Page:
Stocks found their footing early Monday, but selling returned as traders fretted over emerging markets and awaited Apple's after-the-bell earnings
Stocks were weaker Monday afternoon, after opening higher. But the selling was nothing like the two-day selling spree last week that was triggered mainly by worries that slowing growth in China.
Data showing contraction in Chinese manufacturing activity last week sparked fears that a slowdown would spread to the rest of the world, at a time when some emerging markets are already having problems.
The Dow was down 3.5 percent last week, to 15,879, in its worst weekly decline since November, 2011; the lost 2.6 percent, to 1,790, its worst week since June.
"Everybody treats 2012 and 2013 like they were magical years and stocks went straight up," said Daniel Greenhaus, chief global strategist at BTIG. "There was a selloff in 2012 around the election that in two days was more vicious than this one. There was a selloff around the Fed meeting in 2013 that was more vicious than this one."
(Read more: Emerging market fears hit Greece)
Both times, he said, "people were calling for the end of the rally. I think what really matters to stock prices is earnings, the forecast … the Turkish lira could become the Thai baht for sure, but I would remind people in 1997 the stock market barely hiccuped."
Traders were watching the 10 a.m. ET new home sales, which fell 7 percent, to 414,000, and soured sentiment.
"It's hour-to-hour now. We'll see what Apple says and we'll see what some of the other earnings say in the next couple of days," said one trader, adding that Apple could be very important for sentiment.
(Read more: Caterpillar earnings soar past expectations)
"It's very consumer-oriented," he said. "If they're light, the market takes a leg lower."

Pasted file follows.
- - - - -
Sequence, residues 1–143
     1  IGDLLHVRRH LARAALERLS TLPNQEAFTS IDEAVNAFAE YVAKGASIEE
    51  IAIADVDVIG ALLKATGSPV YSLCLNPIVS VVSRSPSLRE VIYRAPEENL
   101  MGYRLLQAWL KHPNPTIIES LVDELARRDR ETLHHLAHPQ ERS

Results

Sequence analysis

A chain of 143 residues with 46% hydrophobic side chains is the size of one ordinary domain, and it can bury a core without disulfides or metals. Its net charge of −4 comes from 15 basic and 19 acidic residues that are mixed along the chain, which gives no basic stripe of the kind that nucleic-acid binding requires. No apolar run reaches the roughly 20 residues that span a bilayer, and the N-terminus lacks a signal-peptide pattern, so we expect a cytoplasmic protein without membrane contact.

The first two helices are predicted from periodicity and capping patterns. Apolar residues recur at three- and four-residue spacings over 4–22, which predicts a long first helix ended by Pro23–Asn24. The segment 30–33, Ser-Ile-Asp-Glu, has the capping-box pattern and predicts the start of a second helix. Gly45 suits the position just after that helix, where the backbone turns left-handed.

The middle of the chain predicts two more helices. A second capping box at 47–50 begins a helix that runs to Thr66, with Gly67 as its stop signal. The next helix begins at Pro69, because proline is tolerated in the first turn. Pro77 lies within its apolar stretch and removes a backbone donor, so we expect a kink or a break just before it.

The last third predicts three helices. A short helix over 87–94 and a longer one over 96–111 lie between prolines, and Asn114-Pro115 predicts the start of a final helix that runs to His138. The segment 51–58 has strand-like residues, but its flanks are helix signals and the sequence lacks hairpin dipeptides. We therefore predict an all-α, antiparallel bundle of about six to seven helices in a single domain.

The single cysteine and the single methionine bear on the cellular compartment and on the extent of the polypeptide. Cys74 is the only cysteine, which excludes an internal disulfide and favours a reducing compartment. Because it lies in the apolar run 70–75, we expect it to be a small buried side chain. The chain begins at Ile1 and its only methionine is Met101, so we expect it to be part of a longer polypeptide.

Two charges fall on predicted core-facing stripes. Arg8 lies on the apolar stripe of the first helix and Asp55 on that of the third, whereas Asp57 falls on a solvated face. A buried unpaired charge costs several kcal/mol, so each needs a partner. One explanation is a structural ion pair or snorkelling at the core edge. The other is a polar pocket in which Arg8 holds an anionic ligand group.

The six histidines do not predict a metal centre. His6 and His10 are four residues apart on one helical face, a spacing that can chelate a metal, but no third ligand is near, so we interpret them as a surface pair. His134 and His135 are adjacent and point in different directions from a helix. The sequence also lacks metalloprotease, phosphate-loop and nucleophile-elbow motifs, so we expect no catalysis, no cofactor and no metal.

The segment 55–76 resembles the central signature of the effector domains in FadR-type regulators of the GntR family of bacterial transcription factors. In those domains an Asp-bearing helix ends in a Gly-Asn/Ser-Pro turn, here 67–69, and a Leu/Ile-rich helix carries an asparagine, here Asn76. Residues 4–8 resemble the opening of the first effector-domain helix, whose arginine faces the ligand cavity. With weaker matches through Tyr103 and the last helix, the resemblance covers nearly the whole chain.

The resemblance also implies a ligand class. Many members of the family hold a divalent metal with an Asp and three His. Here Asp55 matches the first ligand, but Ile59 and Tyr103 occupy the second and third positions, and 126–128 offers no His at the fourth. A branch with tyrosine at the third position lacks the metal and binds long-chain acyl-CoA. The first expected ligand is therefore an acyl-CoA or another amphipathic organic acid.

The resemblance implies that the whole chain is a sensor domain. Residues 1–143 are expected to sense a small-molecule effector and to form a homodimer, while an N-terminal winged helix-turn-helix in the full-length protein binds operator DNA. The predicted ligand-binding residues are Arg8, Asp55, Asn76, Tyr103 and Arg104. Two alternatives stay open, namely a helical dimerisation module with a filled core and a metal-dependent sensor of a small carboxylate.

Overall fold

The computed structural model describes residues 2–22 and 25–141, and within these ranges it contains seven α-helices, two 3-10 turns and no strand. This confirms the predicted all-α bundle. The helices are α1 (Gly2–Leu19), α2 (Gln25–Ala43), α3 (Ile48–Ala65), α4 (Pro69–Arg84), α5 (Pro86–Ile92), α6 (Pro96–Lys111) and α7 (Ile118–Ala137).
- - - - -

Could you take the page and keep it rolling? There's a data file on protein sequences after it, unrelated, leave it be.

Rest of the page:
Apple is expected to report earnings per share of $14.07 for its fiscal first quarter, up 2 percent from last year, on revenue up 5 percent to $57.46 billion. Apple will also be watched for what it says about China, where it launched the iPhone 5s and 5c in the fall.
Caterpillar, in its forecast, said it sees improvement in the world economy, including emerging markets. The company reported fourth-quarter profits of $1.54 per share, up from $1.04 a year earlier. Revenue was down 10 percent to $14.4 billion.
The company forecast profits of $5.85 per share for 2014, excluding restructuring costs. The company also expects flat revenues of $56 billion, better than analysts expect.
Caterpillar also sees continued weakness in its mining business, as customers continue to cut investments in new equipment.
The washout in emerging markets was slowed by several developments early Monday, including reports that China Credit Trust avoided default by reaching a last-minute deal to repay investors. While the $500 million high-yield investment trust is not huge, it put the focus on potential hazards in China's shadow-banking sector and how failures could quickly kill confidence.
(Read more: Are emerging markets on brink of another crisis)
The other development that helped stem the selling was the announcement by Turkey's central bank that it would hold an extraordinary meeting Tuesday. The lira had fallen to a new low overnight but then stabilized.
Bill Stone, chief investment strategist at PNC Private Bank, said Turkey's meeting and other events will keep emerging markets front and center this week.
"Recall that the central bank failed to raise rates last week, which continued the lira's steep decline against the dollar. While none are expected to change policy, the central banks of India, Malaysia, South Africa, Mexico and Colombia have regularly scheduled meetings this week. China reports official January PMI data at the end of the week," he noted.
—By CNBC's Patti Domm. Follow here on Twitter @pattidomm.